Gram-negative bacteria can cause disease and many types of infections. It is the type of contaminant that hospitals work hard to keep out of sterile environments like operating rooms. Over the last several years, there have been too many reports of compounding pharmacies– manufacturers of custom mixed medications- shipping tainted product to hospitals.
Several years ago, a compounding pharmacy named Central Admixture Pharmacy Services (CAPS) shipped from its Maryland facility bacteria- tainted cardioplegia to a hospital in Fredericksburg, Virginia. The product was used in open heart surgeries. The result was a slew of patients with systemic inflammatory response syndrome, which caused death and severe illnesses. CAPS is currently under investigation at its Massachusetts facitlity by the FDA. More recently, New England Compounding Center allegedly shipped tainted steroid shots, which resulted in last year's fungal meningitis outbreak.
Compounding pharmacies make high-risk-sterile products. The manufacturing process requires strict adherence to sterility standards and protocols. The problem in each instance of tainted product has been poor practices and conditions which exposed the sterile products to microbial contamination.
Since February, the FDA inspected 30 compounding pharmacies, finding dozens of safety violations. Several compounding pharmacies issued recallsin the past several weeks. On April 21, the WaPo reported that a Florida-based compounding pharmacy, Balanced Solutions, is voluntarily recalling all of its lots of sterile non-expired drug products sold nationwide due to concerns that the products may contain bacteria. That means hospitals all over the country may have these products. Hosptitals are advised to immediately check their supplies, quarantine the products, and follow the recall instructions. Hospitals further need to advise patients who were already administered any sterile-drug products made by Balanced Solutions to contact a physician. According to the WaPo article:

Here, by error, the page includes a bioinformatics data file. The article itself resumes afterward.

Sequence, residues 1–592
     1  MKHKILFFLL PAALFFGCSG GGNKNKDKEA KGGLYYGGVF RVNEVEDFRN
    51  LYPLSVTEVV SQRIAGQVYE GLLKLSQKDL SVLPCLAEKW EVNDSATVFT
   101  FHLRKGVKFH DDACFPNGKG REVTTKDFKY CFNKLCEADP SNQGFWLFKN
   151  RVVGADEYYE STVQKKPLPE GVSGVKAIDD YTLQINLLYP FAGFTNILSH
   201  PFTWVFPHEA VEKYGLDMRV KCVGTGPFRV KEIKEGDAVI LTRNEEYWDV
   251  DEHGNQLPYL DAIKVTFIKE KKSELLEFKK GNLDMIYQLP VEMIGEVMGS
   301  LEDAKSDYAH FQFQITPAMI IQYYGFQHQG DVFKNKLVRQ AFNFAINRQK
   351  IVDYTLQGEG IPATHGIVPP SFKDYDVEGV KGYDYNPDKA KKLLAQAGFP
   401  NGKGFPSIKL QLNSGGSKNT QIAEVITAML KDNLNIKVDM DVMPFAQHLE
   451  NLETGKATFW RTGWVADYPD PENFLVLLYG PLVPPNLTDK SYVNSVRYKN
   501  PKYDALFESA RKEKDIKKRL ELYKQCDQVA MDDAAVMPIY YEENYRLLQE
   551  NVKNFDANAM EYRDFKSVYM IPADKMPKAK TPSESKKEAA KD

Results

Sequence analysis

An FDA inspection of Balanced Solutions found “poor practices and conditions which may have exposed the company’s sterile products to microbial contamination,” the agency said in a statement. Inspectors discovered “black particles of unknown origin” in seven vials of an injectable steroid, according to their report. They also found “a cloth-like filament of unknown origin” in one vial of chromium-chloride injections, an additive used for intravenous nutritional supplements.
The FDA subsequently identified the contamination as gram-negative bacteria. Hospitals should cast a critical eye at the suppliers of their sterile-drug products whenever an unexpected outbreak of disease or illness linked to microbial contamination occurs. We must stop resigning ourselves to the notion that these problems cannot be prevented.